The youth soccer fields of suburban Los Angeles are not where most Warpaint fans would expect to find Theresa Wayman, the band's singer and guitarist, these days. Yet this is her life when she's not on the road: a full-on single soccer mom, watching her son practice and resisting the temptation to offer unsolicited advice on field position, advice borne from her own days playing youth soccer.
It's been 14 years since Wayman and her bandmates formed Warpaint in their early 20s, far removed from those soccer fields. The four women in the LA-based band have put out three LPs and one EP, with critical acclaim focusing on their "hypnotic" and "sensual" sound of "bedroom folk." The band's creative process is collaborative: they share songwriting and vocal duties, and they even switch instruments.
But 14 years is an eternity in the music world, and the flip side to this democratic process is that the group supersedes the individual. LoveLaws, Wayman's solo debut, allows her explore ideas that otherwise are difficult in a band. Though she's a guitarist, she's not much inspired by other guitarists. It's been beats, basslines and samples since her teenage years. "I've never wanted to be a rock person, so I'm finally fulfilling my vision from 20 years ago," she says. Bjork is a big influence: Wayman wants to create songs "in...
the same way that Bjork did."
Warpaint's touring made it hard to stay on a consistent creative schedule, so she recorded at her home studio, on the road, in London, and in Warpaint's Los Angeles rehearsal space. She's a one-woman band on LoveLaws, playing bass, guitar, and synth. She also programmed the drum beats on most of the tracks. Wayman also had a little help from her Warpaint bandmates. She co-produced the album with her brother Ivan Wayman, who contributed his expertise in both engineering and production. Wayman enjoyed the creative independence on LoveLaws because while she loves to collaborate, she says, "It was nice to pilot my own ship."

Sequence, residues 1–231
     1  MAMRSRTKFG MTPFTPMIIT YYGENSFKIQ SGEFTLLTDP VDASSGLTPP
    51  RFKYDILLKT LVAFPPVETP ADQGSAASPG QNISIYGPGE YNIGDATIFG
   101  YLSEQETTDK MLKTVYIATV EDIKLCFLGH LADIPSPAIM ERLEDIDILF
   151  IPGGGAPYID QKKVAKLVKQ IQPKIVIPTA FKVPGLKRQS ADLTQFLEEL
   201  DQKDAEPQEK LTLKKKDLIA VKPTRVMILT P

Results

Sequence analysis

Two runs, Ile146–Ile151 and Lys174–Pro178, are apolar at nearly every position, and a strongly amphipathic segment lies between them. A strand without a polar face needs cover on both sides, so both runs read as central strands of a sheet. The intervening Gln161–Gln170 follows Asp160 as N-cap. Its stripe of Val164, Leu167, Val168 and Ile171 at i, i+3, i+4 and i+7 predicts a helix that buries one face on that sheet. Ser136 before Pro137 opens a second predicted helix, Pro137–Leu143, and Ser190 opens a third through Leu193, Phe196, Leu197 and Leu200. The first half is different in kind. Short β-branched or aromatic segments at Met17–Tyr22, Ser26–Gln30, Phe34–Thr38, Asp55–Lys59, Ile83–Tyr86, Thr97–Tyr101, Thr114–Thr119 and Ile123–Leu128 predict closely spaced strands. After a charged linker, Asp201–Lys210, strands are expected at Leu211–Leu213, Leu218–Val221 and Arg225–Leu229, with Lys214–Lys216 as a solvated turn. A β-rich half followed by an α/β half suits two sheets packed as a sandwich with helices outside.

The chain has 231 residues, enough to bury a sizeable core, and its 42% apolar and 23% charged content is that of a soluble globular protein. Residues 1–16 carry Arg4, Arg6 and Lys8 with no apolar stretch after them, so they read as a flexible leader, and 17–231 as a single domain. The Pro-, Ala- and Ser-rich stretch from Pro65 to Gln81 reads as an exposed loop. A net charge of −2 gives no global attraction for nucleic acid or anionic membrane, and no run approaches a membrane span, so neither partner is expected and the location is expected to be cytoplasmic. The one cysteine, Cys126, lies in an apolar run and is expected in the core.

LoveLaws reflects Wayman's growth as a musician. For years, she didn't much revise lyrics or music because she thought that the first idea was the best. "I don't want to string a song along and beat it to death. It's going to sound lifeless if I try to make it perfect. A raw sound is the better sound," she said in 2016. But she changed when she started having a love-hate relationship with LoveLaws. Wayman became a better artist thanks to this self-awareness. She was "enlightened" by how hard she was on herself. She says, "I now trust that part of myself that second guesses. I could never do that before. When something isn't quite right, I'll set it aside and come back to it to make sure I still love it."
But perhaps more importantly, LoveLaws reflects Wayman's personal growth over the past 14 years. She's writing as a mother "coming from a position of what it's like to have and to get unconditional love." LoveLaws is also about the ups and downs of romance, viewed through Wayman's experience as a traveling musician, where the routine can be maddening in its loneliness and where relationships are difficult.The songs were her way of processing this loneliness. "I don't often meet people, but when I do they aren't really in my world. I see them for a moment, then that's it," she says. "I have to be OK with a transient love life -- or more accurately a love life that I can live inside my head." The result is an album that, in Wayman's words, is "down tempo, pretty sexy, and a bit emotional. I'm a romantic person in a world where a relationship is difficult. But I also needed to be on my own and not force a relationship."
Wayman's personal growth plays out on songs like "I've Been Fine." She wrote it at the height of emotion after a break up, and the song just poured out. Through writing it, she learned that "when you're on your own, it's almost exciting. You can dive back into things that make you who you are." LoveLaws shows us that fourteen years of music -- and quite a few youth soccer fields -- have brought Wayman closer to that personal and professional fulfillment.